It spans from the South Ridge Trail to the Upper Hooligan Trail and is rated as an intermediately difficult trail. You will start on the South Ridge Trail and travel to the Summit Spur. This will take you from Junction 2 to Junction 3. Once you finish Junction 3, you will arrive at the Upper Hooligan Trail to complete your journey. 

This is a quick bike ride that can be done in a couple of hours or less, depending on your endurance and how many breaks you choose to take during the ride. Ensure you have a mountain bike to conquer this trail as it is a hilly backcountry trail. 

You will be nearby Klamath Falls, Oregon, and pass by a small lake during the bike ride. Lunch would be perfect nearby the lake if you like picnicking in nature as well.

Fanno Creek Greenway Trail

The Fanno Creek Greenway Trail is apart of the Tualatin Hills Park and Recreation District. It is known as one of the most traveled recreation trails in the district to offer biking, hiking, and nature seeing entertainment. 

It’s a little shorter than the Spence Mountain Loop because it measures only 8.3 miles. The trail is easy to access at the starting point. Begin at the Garden Home Recreation Center by parking your car there and gearing up for your bike ride. 

 You’ll pass through parks, wetlands, and country trails during your journey. The Scholls Ferry underpass is sometimes flooded, so check the current water levels before going out there and the proposed tips for a safe crossing.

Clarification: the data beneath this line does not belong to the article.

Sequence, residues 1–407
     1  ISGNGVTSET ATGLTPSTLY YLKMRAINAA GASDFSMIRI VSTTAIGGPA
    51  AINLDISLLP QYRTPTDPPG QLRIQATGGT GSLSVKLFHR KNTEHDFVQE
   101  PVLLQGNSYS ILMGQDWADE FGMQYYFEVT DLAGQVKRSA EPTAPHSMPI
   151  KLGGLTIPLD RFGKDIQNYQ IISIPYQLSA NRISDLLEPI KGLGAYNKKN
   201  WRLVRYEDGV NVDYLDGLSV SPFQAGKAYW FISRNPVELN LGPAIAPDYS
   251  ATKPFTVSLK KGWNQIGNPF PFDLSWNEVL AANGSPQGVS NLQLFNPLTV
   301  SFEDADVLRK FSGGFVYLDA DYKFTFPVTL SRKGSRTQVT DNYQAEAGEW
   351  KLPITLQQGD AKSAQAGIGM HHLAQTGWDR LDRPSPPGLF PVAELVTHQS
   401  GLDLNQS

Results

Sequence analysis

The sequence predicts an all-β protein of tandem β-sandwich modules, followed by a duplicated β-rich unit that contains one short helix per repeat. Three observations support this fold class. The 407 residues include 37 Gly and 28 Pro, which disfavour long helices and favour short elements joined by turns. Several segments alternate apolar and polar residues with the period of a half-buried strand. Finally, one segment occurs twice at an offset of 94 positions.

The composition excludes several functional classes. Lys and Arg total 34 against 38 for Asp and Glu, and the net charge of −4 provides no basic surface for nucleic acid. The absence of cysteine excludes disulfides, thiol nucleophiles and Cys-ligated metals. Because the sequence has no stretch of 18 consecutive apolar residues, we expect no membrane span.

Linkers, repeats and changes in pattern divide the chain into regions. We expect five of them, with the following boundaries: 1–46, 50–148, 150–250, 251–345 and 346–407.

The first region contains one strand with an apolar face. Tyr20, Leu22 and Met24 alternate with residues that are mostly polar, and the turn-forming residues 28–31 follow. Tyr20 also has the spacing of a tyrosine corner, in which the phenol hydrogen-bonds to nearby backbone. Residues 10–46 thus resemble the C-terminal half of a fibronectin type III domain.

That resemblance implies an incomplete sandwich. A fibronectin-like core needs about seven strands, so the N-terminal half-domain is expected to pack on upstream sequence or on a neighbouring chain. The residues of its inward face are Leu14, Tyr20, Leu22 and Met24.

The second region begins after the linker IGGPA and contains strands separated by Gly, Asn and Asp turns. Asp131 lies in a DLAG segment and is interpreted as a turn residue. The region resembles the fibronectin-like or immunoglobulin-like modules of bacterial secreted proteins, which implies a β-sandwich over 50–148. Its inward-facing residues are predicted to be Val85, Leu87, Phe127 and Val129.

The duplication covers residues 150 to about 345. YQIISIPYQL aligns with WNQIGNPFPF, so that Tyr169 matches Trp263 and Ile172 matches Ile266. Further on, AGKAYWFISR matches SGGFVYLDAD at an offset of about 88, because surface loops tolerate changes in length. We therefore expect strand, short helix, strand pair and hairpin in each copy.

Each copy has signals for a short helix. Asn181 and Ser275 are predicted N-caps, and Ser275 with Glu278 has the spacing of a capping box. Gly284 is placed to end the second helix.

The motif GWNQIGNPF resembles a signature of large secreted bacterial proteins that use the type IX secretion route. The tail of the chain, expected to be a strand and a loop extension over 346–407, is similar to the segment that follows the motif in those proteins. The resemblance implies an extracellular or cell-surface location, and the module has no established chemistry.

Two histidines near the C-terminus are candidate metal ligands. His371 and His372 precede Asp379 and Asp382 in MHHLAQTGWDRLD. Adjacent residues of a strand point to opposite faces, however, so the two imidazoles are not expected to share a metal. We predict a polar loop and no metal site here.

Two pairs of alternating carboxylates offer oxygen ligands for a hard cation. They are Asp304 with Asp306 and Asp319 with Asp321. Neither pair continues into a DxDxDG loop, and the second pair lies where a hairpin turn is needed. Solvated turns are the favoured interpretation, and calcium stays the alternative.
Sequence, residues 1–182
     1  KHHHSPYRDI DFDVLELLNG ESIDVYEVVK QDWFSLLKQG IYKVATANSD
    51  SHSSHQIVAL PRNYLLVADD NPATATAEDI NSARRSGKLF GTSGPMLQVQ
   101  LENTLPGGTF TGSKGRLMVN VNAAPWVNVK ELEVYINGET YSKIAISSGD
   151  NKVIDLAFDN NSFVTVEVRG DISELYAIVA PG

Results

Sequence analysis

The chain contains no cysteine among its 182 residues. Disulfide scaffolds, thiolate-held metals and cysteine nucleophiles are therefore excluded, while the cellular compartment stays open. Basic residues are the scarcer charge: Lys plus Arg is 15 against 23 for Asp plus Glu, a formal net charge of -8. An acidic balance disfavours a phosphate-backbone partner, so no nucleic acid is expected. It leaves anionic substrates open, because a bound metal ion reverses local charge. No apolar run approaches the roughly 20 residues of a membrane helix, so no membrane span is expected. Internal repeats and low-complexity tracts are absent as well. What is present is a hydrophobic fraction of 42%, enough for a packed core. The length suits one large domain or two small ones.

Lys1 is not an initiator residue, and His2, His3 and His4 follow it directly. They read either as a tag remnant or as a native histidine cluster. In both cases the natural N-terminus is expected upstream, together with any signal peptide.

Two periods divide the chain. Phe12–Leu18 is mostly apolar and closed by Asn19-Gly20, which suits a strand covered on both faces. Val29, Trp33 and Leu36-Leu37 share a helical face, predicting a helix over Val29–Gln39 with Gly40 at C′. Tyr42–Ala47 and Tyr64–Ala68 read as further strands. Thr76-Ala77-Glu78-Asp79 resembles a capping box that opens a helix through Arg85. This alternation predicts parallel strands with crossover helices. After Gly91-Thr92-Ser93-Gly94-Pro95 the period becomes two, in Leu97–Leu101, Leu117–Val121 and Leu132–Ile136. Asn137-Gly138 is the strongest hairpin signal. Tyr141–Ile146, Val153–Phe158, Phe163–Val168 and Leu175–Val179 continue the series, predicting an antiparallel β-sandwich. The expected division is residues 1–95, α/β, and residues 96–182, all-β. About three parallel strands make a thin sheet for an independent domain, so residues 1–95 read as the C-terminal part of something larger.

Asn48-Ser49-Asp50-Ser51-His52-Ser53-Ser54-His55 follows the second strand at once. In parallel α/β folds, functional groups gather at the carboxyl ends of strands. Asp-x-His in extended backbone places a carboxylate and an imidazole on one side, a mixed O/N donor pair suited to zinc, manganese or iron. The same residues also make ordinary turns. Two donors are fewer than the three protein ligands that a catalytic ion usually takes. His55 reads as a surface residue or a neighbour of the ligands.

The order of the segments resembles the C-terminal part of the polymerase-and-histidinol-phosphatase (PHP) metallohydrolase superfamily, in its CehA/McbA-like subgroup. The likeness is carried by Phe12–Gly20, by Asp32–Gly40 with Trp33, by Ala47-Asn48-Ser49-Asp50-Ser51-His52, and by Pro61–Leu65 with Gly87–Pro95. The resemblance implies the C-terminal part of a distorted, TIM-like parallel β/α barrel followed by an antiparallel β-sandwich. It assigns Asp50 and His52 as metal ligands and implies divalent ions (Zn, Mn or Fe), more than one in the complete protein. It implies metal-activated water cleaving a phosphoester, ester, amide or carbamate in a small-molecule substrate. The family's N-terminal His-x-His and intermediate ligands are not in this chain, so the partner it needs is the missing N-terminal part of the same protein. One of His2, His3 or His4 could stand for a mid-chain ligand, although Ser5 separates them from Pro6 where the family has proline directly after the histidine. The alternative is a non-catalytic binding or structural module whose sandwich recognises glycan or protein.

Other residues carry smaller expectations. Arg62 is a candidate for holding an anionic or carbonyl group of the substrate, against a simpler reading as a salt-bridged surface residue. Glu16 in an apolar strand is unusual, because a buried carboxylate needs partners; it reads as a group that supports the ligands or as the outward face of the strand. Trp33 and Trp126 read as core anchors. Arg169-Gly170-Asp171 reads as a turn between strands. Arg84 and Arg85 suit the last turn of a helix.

Take a break at Vista Brook Park to play a basketball or tennis game as they have accommodating sports courts for these games. If you have older children who are accompanying this bike ride with you, there’s a playground at this park for them to take a fun break. 

You have the option of starting from Camille Park. Check the website link above for more details on how to navigate the Fanno Creek Greenway Trail via this starting point. 

Stop by and say hello to the waterfowl and turtles that live at the Koll Center Wetlands next to Greenway Park. This makes for great photo memory keepsakes, too!

Champoeg State Heritage Area Loop

The Champoeg State Heritage Area Loop is the smallest trail on our list and is only 3.4 miles long. It’s an easy trail for biking novices to start out small before experiencing longer journeys. 

Be mindful that while this trail is family-friendly for older children to come along for the bike ride, it is also a crowded trail. Stay aware of your surroundings and respectful to the bikers and hikers around you. 

Champoeg was the first town in Willamette Valley where the valley settlers from the Oregon Trail arrived from their journey. 

Start out by going to the Visitor Center to receive a map of the state park and to get a historical background about the area. A barn from 1862 has been restored into a landmark. 

Visit the Newell Pioneer Village in between your bike ride for more historical background on Oregon and even fun reenactments for children and adults. It is $6 admission per person. 

To use the trail, you will have to pay a $5 one day use fee to access it. Unfortunately, no pets are allowed. You can get guided tours of the trail in the summer to get a more in-depth and scenic experience beyond biking through it.